-rw-rw---- 1 systemd-coredump systemd-coredump   35828 May 14 17:50 wp_commentmeta.MYD
-rw-rw---- 1 systemd-coredump systemd-coredump   18432 May 14 17:50 wp_commentmeta.MYI
-rw-rw---- 1 systemd-coredump systemd-coredump    6681 May 14 17:50 wp_comments.frm
-rw-rw---- 1 systemd-coredump systemd-coredump   40144 May 14 17:50 wp_comments.MYD
-rw-rw---- 1 systemd-coredump systemd-coredump   17408 May 14 17:50 wp_comments.MYI
...

Now that the permission and owner properties match exactly to the old ones, great! However, if we jump out and look at the WordPress site in the browser, we may notice that it still has the old data. Seems like our database override hasn’t taken into effect yet.

This could be fixed with one extra step. Let’s first navigate to /opt/easyengine/services directory and get into the MySQL docker container instance with root access (instructions from EasyEngine documentation):

root@li1984-106:/opt/easyengine/services# docker-compose exec global-db bash -c 'mysql -u root -p${MYSQL_ROOT_PASSWORD}'
MariaDB [(none)]> USE yoursite_net;
MariaDB [yoursite_net]> CHECK TABLE wp_commentmeta;
+-----------------------------+-------+----------+----------+
| Table                       | Op    | Msg_type | Msg_text |
+-----------------------------+-------+----------+----------+
| yoursite_net.wp_commentmeta | check | status   | OK       |
+-----------------------------+-------+----------+----------+
1 row in set (0.000 sec)

Now that we are inside MySQL, we could check the status of all the tables, and more importantly, we can rebuild the .MYI files after the MYISAM files are placed in the directory.

According to the official MySQL documentation, this command would restore data from MYISAM tables:

MariaDB [yoursite_net]> REPAIR TABLE wp_commentmeta USE_FRM;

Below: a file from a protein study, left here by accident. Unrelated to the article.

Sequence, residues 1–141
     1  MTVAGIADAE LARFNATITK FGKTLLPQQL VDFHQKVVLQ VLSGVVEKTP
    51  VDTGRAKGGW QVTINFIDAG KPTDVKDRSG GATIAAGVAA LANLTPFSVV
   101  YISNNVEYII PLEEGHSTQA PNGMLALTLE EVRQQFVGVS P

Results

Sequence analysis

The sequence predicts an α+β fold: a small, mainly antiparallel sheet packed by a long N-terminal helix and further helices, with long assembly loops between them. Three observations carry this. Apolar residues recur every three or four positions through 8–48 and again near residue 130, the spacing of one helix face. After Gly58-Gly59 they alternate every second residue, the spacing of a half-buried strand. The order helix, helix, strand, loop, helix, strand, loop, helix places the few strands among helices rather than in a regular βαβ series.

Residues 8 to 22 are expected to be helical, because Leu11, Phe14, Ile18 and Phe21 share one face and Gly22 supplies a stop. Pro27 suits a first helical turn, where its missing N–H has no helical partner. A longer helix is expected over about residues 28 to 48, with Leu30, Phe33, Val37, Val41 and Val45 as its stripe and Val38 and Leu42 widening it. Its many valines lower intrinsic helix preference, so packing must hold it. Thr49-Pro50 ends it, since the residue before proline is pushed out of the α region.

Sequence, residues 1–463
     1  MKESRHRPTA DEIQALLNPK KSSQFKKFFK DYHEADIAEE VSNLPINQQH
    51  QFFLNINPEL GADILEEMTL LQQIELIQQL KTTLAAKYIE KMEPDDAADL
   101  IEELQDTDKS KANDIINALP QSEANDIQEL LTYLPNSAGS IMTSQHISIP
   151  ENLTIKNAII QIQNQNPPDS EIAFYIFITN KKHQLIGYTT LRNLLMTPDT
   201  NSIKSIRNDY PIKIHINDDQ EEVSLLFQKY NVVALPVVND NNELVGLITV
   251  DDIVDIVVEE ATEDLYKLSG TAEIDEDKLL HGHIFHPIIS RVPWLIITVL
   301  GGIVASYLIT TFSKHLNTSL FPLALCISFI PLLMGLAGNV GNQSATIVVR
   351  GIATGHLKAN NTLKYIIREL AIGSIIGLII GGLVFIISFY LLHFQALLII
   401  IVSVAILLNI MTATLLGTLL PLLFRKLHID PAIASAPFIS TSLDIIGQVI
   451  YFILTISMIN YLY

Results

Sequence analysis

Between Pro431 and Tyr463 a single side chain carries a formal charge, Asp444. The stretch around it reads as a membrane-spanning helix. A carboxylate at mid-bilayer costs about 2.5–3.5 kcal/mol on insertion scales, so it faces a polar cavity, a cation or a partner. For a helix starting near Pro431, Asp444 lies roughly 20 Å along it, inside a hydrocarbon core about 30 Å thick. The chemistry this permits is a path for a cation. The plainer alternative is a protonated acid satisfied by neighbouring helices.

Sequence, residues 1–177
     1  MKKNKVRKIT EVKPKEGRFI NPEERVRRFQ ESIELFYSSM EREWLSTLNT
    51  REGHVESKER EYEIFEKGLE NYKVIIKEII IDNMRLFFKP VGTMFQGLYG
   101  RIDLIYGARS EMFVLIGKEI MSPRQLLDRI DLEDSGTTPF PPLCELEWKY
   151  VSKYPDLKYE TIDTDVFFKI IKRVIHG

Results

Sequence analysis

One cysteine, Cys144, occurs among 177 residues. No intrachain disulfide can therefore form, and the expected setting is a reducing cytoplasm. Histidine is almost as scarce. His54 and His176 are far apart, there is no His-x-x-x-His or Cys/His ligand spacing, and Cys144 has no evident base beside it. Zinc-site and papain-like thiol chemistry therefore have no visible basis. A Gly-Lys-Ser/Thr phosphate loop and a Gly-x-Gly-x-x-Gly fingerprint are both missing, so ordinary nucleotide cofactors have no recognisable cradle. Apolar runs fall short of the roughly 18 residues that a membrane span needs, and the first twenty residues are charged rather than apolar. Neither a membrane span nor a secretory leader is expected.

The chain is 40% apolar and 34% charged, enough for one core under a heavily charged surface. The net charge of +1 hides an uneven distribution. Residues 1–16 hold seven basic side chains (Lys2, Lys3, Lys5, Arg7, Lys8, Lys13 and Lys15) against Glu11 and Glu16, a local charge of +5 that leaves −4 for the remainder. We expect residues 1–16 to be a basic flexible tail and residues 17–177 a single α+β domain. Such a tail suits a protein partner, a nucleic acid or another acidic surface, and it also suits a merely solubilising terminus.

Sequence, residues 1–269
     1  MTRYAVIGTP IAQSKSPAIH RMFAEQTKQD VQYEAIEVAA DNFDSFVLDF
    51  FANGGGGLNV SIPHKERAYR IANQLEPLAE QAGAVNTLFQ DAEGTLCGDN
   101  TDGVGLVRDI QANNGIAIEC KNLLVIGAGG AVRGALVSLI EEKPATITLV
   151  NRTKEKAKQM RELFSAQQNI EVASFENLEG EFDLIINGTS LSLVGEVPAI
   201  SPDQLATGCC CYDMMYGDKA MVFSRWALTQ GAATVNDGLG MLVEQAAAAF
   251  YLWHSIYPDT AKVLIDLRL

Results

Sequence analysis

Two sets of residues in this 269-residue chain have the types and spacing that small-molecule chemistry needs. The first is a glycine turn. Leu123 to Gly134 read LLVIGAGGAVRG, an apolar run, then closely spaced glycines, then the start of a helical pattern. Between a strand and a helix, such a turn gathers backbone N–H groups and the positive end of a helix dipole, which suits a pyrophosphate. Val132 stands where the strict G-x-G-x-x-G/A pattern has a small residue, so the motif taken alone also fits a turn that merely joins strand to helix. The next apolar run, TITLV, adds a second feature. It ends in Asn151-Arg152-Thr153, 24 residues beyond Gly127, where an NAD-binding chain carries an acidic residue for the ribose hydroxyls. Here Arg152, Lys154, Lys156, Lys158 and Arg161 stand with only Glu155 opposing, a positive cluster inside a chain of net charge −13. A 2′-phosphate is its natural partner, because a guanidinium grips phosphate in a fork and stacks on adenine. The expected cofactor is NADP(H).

+-----------------------------+--------+----------+---------------------------------------------------------+
| Table                       | Op     | Msg_type | Msg_text                                                |
+-----------------------------+--------+----------+---------------------------------------------------------+
| yoursite_net.wp_commentmeta | repair | note     | The storage engine for the table doesn't support repair |
+-----------------------------+--------+----------+---------------------------------------------------------+

Do not worry about the Msg_text above, as long as you can see this, it means the table has been touched by the repair command.

Now let’s apply this command to all the tables in our WordPress database:

MariaDB [yoursite_net]> REPAIR TABLE wp_posts USE_FRM; REPAIR TABLE wp_commentmeta USE_FRM; REPAIR TABLE wp_comments USE_FRM; REPAIR TABLE wp_links USE_FRM; REPAIR TABLE wp_options USE_FRM; REPAIR TABLE wp_postmeta USE_FRM; REPAIR TABLE wp_posts USE_FRM; REPAIR TABLE wp_term_relationships USE_FRM; REPAIR TABLE wp_term_taxonomy USE_FRM; REPAIR TABLE wp_termmeta USE_FRM; REPAIR TABLE wp_terms USE_FRM; REPAIR TABLE wp_usermeta USE_FRM; REPAIR TABLE wp_users USE_FRM;

After all these commands, we should visit the WordPress site in a browser, and we’ll be greeted with the prompt screen that WordPress has detected a need to update the database. Click the button and the changes would take into effect. It’s that simple!

Congrats, you’ve successfully backed up and restored your WordPress database with EasyEngine!